On the political map of Britain, London has long been an island of Labour red in a South East sea of Conservative blue. London has traditionally been Labour at its centre and Tory on its fringes.
The mayoral elections underlined that pattern, with some significant additional wins for Sadiq Khan in previously Conservative ground of Merton and Wandsworth, and Ealing and Hillingdon.
The other significant change is the increase in Labour support in the central areas that have seen the fastest population rise. The constituency of City and East is a good example. It contains Tower Hamlets and Newham, the boroughs forecast to grow fastest in the coming decade. In these areas Sadiq Khan achieved 60% of first preference votes and the greater population and high turnout delivered nearly 20,000 more Labour voters than in 2012.
It was a similar story in the North East constituency which covers Islington, Hackney and Waltham Forest. Khan again achieved a 60% share and added 36,000 votes on 2012.
Zac Goldsmiths best performance was in the Bexley and Bromley. He out-polled Sadiq Khan here by two votes to one, but his number of votes was down on Boris Johnson’s haul in 2012 and his share was 51% compared to 62% for the Conservatives four years ago.
In Havering and Redbridge, and his home South West constituency, which includes Richmond, Hounslow and Kingston, he increased the number of votes, but not in Croydon and Sutton or the West Central constituency covering Westminster, Kensington and Chelsea, and Hammersmith and Fulham.
In all 5 areas won by the Goldsmith, the Conservative share of the vote was down on 2012. This might be attributed to the success of Boris Johnson as a larger-than-life character who worked across traditional party loyalties. Many, including leading Conservatives, have criticised the Goldsmith campaign, with its attacks on Khan, as negative and off putting for voters.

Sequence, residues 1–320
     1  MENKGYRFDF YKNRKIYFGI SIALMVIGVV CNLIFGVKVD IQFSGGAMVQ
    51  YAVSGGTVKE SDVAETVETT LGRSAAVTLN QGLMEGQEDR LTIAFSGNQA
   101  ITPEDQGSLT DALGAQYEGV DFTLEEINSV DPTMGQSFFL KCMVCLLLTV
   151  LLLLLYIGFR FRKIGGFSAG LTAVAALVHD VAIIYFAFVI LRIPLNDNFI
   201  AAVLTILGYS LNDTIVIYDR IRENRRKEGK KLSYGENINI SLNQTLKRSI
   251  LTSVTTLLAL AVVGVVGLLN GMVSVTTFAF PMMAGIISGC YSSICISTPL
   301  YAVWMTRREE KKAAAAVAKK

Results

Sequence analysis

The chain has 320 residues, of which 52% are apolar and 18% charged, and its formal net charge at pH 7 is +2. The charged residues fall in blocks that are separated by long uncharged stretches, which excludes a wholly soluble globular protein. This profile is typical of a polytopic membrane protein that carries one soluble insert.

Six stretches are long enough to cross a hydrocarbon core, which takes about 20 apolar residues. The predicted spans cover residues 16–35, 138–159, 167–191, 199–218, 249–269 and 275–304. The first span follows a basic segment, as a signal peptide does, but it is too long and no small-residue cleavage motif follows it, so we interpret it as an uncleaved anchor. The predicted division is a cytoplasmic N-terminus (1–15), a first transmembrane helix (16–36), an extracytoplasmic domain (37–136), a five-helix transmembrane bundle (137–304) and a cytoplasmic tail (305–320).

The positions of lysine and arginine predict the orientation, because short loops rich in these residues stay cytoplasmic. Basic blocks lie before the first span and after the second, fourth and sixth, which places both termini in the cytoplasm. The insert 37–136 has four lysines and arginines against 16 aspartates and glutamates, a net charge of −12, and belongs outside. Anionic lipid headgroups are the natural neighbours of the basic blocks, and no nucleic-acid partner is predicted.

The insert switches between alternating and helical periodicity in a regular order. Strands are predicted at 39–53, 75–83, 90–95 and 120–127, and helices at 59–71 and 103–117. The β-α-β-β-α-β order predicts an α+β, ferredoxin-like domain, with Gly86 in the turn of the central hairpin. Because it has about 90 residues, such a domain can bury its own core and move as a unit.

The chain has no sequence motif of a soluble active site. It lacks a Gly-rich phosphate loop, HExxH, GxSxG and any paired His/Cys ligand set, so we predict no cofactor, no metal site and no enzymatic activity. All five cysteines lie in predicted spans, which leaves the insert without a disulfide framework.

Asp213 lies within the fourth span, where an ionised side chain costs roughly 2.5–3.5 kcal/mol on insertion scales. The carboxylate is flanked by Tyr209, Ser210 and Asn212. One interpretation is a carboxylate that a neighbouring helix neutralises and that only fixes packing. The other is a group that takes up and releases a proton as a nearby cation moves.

But the voting patterns indicate something more than personality politics and suggest an underlying sentiment. A breakdown of all first preference votes into blocks representing broad party positions shows that parties of the left out-performed the parties of the right.
And the second preference votes also tell a story. In the final run off Khan and Goldsmith were awarded the second preference votes of all the other candidates. Khan won convincingly here. But we can also see from the data how the second preferences of Khan and Goldsmith voters would have been deployed if either had not made the final round. A quarter of Goldsmith voters marked Khan as their second preference. Only 14% of Khan voters put a second cross next to Goldsmith. The main beneficiary of second votes were the Greens, who sit on the left.
After two terms of a Tory mayor the capital has a Labour politician as leader again. The city population is forecast to be over 9 million by the time he is up for re-election. The evidence from this election is that a growing number of people is central London is good news for Labour and Sadiq Khan.